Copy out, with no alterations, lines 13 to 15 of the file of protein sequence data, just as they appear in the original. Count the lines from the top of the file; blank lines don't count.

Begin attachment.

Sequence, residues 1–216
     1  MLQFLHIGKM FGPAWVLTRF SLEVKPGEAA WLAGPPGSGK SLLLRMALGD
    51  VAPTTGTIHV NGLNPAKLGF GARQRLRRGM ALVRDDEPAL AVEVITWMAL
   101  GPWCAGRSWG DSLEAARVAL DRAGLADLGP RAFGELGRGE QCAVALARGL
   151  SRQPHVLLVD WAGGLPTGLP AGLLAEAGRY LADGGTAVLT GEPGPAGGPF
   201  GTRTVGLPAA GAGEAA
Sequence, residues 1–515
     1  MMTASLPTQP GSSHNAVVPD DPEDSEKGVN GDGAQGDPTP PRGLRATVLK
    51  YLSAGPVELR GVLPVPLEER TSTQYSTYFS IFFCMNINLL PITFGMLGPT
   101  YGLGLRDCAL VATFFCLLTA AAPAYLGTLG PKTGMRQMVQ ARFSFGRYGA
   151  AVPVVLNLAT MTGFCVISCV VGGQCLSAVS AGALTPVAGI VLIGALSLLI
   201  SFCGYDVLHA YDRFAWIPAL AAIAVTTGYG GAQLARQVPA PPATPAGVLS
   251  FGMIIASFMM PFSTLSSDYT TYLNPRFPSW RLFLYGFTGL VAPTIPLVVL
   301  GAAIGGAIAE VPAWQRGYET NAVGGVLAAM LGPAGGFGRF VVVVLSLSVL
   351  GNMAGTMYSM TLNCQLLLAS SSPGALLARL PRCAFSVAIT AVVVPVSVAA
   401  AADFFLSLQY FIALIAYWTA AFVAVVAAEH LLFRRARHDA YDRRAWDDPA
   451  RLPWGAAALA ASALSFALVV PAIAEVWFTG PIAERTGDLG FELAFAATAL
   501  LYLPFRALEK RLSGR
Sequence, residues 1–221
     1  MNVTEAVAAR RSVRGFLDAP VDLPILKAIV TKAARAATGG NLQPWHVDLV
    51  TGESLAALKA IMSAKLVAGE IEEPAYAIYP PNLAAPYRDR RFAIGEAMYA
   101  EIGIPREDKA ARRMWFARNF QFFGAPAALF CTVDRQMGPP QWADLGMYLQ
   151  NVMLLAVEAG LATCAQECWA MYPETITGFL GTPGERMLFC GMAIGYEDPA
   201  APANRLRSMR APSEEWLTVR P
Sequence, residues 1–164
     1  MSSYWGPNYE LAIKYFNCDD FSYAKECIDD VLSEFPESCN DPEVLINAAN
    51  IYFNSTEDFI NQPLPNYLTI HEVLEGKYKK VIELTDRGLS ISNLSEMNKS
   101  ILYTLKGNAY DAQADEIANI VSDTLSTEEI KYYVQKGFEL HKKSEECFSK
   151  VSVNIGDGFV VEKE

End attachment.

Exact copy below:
   251  FGMIIASFMM PFSTLSSDYT TYLNPRFPSW RLFLYGFTGL VAPTIPLVVL
   301  GAAIGGAIAE VPAWQRGYET NAVGGVLAAM LGPAGGFGRF VVVVLSLSVL
   351  GNMAGTMYSM TLNCQLLLAS SSPGALLARL PRCAFSVAIT AVVVPVSVAA